Interactive witchcraft map
New website launched visualises the data from the Survey of Scottish Witchcraft Database (1563 to 1736).
Equate Scotland student intern, Emma Carroll, worked with Wikimedian in Residence Ewan McAndrew, during the summer to geolocate the place names recorded in the Survey of Scottish Witchcraft Database (1563 to 1736), and find the place of residence of 3,141 accused Scottish witches.
Through Emma’s detective work c.500 place-names have been located using Ordnance Survey maps, place-name books, historical maps, and gazetteers. This data was uploaded into Wikidata, as linked open data and further enriched with the location of detentions, trials, place of death, and more.
Richard Lawson, ISG web developer, provided the technical expertise for the new website and graphic design was contributed by Interactive Content Manager Stewart Lamb Cromar. The interactive maps produced by Emma, including timelines and choropleth maps, can be found at witches.is.ed.ac.uk.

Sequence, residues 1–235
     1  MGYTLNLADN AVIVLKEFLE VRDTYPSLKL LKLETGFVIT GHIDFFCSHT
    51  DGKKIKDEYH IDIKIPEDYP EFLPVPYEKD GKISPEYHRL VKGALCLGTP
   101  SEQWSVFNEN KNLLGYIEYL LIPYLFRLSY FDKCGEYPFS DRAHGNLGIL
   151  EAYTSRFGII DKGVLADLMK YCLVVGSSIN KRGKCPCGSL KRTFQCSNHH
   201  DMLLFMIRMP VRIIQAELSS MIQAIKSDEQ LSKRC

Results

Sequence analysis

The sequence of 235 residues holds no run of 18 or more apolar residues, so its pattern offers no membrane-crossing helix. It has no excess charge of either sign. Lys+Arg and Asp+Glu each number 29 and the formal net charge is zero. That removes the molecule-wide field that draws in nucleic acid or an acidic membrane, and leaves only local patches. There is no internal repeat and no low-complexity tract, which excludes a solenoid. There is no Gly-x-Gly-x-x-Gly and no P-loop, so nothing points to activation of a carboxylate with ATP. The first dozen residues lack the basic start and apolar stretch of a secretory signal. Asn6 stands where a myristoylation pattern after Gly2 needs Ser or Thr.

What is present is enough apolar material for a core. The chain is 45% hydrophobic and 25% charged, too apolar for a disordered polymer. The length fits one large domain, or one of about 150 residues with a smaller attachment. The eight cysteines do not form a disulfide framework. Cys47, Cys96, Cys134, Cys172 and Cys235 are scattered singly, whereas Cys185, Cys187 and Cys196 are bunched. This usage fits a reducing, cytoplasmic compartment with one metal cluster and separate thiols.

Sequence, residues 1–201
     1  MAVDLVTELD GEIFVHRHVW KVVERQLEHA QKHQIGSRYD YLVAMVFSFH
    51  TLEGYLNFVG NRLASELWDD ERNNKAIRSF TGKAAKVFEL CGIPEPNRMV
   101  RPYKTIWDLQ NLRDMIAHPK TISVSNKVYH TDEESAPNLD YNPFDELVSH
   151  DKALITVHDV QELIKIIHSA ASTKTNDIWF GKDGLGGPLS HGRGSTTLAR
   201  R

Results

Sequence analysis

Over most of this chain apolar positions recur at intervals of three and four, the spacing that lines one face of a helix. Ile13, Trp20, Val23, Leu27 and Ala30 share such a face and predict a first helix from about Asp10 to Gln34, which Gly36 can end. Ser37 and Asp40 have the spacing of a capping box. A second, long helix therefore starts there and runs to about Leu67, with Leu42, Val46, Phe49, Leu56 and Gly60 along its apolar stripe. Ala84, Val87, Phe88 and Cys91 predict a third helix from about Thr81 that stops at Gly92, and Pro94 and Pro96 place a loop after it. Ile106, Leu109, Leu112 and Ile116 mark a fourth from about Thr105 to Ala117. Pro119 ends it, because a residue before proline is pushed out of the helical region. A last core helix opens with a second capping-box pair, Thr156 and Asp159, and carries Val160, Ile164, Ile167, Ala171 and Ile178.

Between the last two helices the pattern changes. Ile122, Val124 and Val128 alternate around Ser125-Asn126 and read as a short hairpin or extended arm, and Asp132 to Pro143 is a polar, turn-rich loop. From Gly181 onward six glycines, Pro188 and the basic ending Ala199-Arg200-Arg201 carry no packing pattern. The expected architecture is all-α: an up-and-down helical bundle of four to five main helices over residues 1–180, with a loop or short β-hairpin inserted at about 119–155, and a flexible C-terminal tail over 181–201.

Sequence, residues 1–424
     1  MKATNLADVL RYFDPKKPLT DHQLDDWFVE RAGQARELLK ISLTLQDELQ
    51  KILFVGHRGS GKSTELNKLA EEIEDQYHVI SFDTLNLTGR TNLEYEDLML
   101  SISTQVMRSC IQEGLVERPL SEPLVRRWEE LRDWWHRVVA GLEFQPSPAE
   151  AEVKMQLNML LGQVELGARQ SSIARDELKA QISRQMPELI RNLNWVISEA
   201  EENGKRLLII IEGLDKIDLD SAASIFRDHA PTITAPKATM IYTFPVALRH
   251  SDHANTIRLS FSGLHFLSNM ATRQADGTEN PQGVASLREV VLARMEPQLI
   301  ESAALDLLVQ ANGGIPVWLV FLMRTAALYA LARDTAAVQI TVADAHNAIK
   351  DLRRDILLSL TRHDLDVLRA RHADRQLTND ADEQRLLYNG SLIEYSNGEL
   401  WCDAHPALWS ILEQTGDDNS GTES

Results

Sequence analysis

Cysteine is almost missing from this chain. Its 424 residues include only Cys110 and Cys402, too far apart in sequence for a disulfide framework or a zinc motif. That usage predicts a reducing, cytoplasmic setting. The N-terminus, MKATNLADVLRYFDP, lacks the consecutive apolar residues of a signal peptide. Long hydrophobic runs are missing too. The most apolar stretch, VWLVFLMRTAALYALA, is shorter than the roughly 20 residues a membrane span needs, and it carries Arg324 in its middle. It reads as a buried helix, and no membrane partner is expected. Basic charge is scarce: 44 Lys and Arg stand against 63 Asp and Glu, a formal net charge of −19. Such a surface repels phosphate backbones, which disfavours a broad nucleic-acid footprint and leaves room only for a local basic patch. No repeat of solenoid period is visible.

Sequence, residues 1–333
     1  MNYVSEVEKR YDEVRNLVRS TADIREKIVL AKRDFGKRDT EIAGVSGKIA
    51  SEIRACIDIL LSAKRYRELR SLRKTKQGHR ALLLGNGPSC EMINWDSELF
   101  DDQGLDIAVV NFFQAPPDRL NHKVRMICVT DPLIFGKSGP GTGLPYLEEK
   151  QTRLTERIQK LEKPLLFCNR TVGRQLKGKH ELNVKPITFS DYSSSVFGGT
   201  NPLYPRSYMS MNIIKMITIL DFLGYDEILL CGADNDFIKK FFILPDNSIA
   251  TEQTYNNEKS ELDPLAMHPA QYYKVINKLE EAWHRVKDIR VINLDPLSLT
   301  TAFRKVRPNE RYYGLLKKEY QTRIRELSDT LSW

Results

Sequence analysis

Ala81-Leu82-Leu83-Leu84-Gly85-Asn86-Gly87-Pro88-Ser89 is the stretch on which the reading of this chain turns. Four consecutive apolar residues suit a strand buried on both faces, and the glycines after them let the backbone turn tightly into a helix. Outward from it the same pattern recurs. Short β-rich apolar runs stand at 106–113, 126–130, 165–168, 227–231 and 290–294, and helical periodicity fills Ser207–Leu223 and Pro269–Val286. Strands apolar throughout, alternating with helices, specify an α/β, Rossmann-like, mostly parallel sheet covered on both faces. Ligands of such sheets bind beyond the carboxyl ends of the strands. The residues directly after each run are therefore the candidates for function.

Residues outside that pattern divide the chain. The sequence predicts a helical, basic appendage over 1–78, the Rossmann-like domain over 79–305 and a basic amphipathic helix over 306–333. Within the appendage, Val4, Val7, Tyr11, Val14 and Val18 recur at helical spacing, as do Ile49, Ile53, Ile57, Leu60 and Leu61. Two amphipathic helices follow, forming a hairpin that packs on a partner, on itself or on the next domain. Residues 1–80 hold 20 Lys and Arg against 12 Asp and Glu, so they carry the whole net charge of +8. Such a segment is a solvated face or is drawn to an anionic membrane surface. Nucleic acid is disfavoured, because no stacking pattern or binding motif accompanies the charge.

Survey of Scottish Witchcraft
The Survey of Scottish Witchcraft is the work of academics in the School of History, Classics and Archaeology, notably Julian Goodare and Louise Yeoman, who kindly lent their support and expertise to Emma and Ewan over the summer. With research commencing 2001, this original resource for the history of witchcraft and witch-hunting in Scotland was first published in 2003.
Not only does the project help highlight the power of data science but also shows the capability of Wikidata to aid in the making of all of the different visualisations.
Emma's research recently featured in a Scotsman newspaper article, quoting Wikimedian Ewan McAndrew:
The tragedy is that Scotland had five times the number of executions of women. The idea of being able to plot these on a map really brings it home. These places are near everyone. There does seem to be a growing movement that we need to be remembering these women, remembering what happened and understanding what happened.